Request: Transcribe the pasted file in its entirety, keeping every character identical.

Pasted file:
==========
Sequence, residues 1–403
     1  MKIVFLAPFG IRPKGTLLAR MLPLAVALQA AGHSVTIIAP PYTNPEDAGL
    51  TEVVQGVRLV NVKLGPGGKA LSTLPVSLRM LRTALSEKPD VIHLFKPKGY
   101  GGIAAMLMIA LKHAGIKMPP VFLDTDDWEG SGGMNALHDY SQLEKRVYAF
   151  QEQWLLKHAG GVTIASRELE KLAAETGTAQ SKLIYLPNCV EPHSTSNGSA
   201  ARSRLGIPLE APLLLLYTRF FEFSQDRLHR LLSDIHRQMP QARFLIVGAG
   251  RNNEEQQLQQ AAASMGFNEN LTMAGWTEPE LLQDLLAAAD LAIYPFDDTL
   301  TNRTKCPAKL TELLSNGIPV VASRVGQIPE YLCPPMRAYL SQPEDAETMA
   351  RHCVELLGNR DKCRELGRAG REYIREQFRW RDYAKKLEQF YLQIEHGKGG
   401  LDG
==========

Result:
Sequence, residues 1–403
     1  MKIVFLAPFG IRPKGTLLAR MLPLAVALQA AGHSVTIIAP PYTNPEDAGL
    51  TEVVQGVRLV NVKLGPGGKA LSTLPVSLRM LRTALSEKPD VIHLFKPKGY
   101  GGIAAMLMIA LKHAGIKMPP VFLDTDDWEG SGGMNALHDY SQLEKRVYAF
   151  QEQWLLKHAG GVTIASRELE KLAAETGTAQ SKLIYLPNCV EPHSTSNGSA
   201  ARSRLGIPLE APLLLLYTRF FEFSQDRLHR LLSDIHRQMP QARFLIVGAG
   251  RNNEEQQLQQ AAASMGFNEN LTMAGWTEPE LLQDLLAAAD LAIYPFDDTL
   301  TNRTKCPAKL TELLSNGIPV VASRVGQIPE YLCPPMRAYL SQPEDAETMA
   351  RHCVELLGNR DKCRELGRAG REYIREQFRW RDYAKKLEQF YLQIEHGKGG
   401  LDG